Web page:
No Yawns at Yianni’s in Chatham
By Elizabeth Goldfarb Richardson
There are just some times when a restaurant brings out emotions that a mere dining experience shouldn’t necessarily bring forth. Edgar and I felt all sorts of things during — and after — dining at Lippera’s, located in a rather grand complex carved out of a once dilapidated and then quite nicely restored former hotel called the Chatham House in, you guessed it, Chatham. It’s a spot that created great expectations. Frankly, I’ve always found that grand spaces such as these, whether commercial or domestic, pose a serious probem (my own tends toward the cozily chic, half Bunny Williams, half Judendstil, with a tad of midcentury modern thrown in); people always expect something wonderful to happen in them, and heaven help you if you don’t provide. Meeting those expectations is a tall order and seemed to be the goal of Lippera’s, now closed after the sad passing of the owner, but also sad to say, the food itself did not always rise to the heights of the main dining room’s ceilings.
So Edgar and I would often feel a tad dispirited after dining there. The building looked so nice, the space had so much potential, and Chatham could use as many good places to eat as possible. But now, in comes Yianni’s Restaurant, just opened this month in the same location but newly reconfigured with a large centralized bar for drinks and sushi. Owned by Peter Stefanopoulos of the Four Brothers family (which also includes George, Christo, William) and fashioned after their fine Boathouse Restaurant in Lakeville, the admittedly impressive-looking spot is now serving, both for lunch and dinner, something worth climbing the rafters for. The answer to making these fine historic rooms come to life, it turns out, is being a little fresh, sassy, and culinarily all mixed up. But in a good way.
Contrary to whatever impression you might have gained when driving past one of their chain of mega restaurant/pizzerias spread throughout the region, The Four Brothers are also true cognoscenti about food, known for their delicious imported bottled olive oil from their own groves in Greece. They also use and sell their own salad dressings, goat cheese, yogurt, lamb, beef, and vegetables from (their own) Hudson Valley farm — using other locally grown veggies as well for the restaurants. This lends itself to a mix of influences that come together in a refreshingly spunky and tasty way at Yianni’s. There’s no hint of the chain restaurant here.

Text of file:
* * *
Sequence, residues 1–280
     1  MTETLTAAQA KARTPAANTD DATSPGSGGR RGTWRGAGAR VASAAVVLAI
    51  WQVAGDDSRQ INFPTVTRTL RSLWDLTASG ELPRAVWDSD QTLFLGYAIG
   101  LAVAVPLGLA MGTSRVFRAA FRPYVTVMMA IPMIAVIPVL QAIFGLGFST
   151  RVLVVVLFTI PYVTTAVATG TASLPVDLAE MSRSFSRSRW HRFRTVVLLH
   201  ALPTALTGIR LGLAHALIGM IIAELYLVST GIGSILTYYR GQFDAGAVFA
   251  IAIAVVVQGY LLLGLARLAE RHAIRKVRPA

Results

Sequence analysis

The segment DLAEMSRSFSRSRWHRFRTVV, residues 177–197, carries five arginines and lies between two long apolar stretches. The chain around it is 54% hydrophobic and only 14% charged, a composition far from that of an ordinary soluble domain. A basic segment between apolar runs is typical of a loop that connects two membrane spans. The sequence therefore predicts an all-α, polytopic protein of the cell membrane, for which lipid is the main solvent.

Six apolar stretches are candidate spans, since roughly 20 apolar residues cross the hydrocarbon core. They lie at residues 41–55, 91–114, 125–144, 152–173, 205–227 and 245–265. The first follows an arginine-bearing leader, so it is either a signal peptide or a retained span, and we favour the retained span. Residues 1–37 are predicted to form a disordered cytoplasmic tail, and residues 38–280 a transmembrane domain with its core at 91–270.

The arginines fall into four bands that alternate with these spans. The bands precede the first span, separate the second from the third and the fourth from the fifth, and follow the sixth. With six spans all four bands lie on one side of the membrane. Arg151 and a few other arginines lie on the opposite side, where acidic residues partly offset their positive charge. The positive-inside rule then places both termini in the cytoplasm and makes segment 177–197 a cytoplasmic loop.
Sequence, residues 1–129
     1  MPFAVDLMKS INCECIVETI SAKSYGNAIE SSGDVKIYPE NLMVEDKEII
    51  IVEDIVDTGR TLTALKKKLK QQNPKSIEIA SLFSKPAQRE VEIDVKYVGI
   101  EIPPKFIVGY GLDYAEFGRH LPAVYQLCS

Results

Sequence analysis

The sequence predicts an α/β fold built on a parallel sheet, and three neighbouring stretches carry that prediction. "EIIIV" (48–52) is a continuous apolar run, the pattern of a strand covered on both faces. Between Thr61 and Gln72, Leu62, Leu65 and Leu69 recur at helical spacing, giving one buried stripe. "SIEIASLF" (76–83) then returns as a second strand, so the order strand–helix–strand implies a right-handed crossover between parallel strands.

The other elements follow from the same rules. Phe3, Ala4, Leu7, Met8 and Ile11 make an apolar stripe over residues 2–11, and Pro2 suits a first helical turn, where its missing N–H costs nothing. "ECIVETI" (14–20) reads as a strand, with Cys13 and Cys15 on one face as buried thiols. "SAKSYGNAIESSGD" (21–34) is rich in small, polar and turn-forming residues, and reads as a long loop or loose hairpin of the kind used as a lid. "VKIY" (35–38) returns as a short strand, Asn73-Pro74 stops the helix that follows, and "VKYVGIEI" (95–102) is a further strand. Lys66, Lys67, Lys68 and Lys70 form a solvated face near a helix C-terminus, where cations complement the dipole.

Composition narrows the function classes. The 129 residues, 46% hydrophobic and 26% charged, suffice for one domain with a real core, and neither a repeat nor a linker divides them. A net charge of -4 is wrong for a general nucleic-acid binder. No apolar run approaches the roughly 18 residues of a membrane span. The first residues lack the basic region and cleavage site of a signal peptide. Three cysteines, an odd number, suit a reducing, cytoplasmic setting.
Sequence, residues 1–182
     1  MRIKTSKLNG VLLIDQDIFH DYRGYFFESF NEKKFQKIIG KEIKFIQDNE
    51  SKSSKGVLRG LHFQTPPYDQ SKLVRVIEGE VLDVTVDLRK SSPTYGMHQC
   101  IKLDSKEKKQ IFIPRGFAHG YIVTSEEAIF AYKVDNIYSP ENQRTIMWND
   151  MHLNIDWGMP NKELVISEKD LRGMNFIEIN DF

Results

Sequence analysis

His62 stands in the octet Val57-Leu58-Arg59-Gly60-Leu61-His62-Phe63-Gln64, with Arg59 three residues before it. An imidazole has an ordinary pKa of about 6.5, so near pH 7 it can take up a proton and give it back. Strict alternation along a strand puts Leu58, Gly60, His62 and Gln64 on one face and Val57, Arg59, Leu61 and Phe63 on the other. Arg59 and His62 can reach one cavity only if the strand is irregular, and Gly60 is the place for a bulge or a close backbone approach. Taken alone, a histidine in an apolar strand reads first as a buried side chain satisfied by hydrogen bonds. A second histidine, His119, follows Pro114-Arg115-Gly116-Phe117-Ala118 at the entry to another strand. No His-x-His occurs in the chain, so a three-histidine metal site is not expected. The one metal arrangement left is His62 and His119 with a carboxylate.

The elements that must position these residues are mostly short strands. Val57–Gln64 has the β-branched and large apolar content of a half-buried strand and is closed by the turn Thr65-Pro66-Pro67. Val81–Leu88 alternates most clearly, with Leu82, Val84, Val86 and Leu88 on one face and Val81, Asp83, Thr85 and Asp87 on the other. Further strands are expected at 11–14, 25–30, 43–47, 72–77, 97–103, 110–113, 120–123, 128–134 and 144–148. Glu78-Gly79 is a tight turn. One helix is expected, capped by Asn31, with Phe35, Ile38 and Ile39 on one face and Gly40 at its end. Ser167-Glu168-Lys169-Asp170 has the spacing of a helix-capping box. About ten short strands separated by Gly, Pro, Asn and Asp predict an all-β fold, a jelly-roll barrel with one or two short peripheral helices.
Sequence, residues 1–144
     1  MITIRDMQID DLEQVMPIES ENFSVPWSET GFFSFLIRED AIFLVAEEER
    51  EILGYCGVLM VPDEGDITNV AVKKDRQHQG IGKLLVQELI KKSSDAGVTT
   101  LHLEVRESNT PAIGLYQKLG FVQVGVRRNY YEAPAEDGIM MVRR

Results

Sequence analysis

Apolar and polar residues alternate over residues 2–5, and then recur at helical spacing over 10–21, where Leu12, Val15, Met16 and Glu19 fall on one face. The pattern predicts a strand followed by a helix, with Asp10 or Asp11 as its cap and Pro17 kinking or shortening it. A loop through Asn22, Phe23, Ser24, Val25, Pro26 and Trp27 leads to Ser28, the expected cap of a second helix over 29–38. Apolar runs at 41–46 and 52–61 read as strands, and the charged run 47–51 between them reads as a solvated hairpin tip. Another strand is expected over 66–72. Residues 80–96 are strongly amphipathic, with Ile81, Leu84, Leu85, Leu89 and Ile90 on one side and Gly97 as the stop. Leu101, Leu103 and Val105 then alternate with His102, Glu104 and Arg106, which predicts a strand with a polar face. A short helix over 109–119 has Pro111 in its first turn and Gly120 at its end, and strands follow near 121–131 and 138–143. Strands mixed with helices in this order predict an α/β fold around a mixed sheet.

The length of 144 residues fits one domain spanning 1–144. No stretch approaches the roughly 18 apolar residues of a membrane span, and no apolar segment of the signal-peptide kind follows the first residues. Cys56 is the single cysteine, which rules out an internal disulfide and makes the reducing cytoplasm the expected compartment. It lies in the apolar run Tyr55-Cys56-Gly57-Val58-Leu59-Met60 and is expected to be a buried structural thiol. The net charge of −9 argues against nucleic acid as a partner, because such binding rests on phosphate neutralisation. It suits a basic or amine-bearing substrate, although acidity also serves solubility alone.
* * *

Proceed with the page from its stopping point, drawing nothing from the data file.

As it was in its former incarnation, one can choose to sit in the large elegant main dining room with tall brick walls, windows, and balconies reaching up to the 3rd floor, or in the more intimate tavern side of the bar. But this time, an extensive menu plus nightly specials showcase a great deal of variety and dextrous cooking experience, with seafood playing a star role. There’s an American/fine Greek/Japanese air to it all (talk about fusion!), with an abundance of choices from appetizer specialties such as escargot ($9) and Maryland crab cakes ($12) to a variety of seafood, NY strip steak, roasted duck or rack of lamb ($22-$32) in the main course section. Pastas include cioppino ($30) and shrimp and scallop risotto ($28), and, a rarity for the area, a raw bar (with oysters, clambs, shrimp, and a wonderful lump-crab cocktail, from $12-$20). Large salads are offered with various meat options. I chose the sushi; spicy tuna and Housatonic rolls (smoked fresh salmon, roe, and cream cheese; $8 each), which were fresh and delicious. Edgar, once again, opted for the burger, which comes with excellent steak fries ($12). Prosecco is on the wine list along with an excellent organic wine from Estate Brintzkiki, imported from Greece and distributed by a local Chatham resident, Greco Trading. There are many desserts to choose from, including cheese cake and an old-fashioned root beer float. The new waitstaff is still in training but seasoned members from the Boat House are there to oversee, and service ran smoothly throughout the meal.
This time, when Edgar and I got back in our car to drive home, both of us had smiles on our faces — and no mixed feelings in our minds or stomachs.
29 Hudson Avenue (Rt. 66)
Chatham, NY 12037
Open Monday through Friday 11 a.m. to 9 p.m.
Saturday and Sunday 11 a.m. to 10 p.m.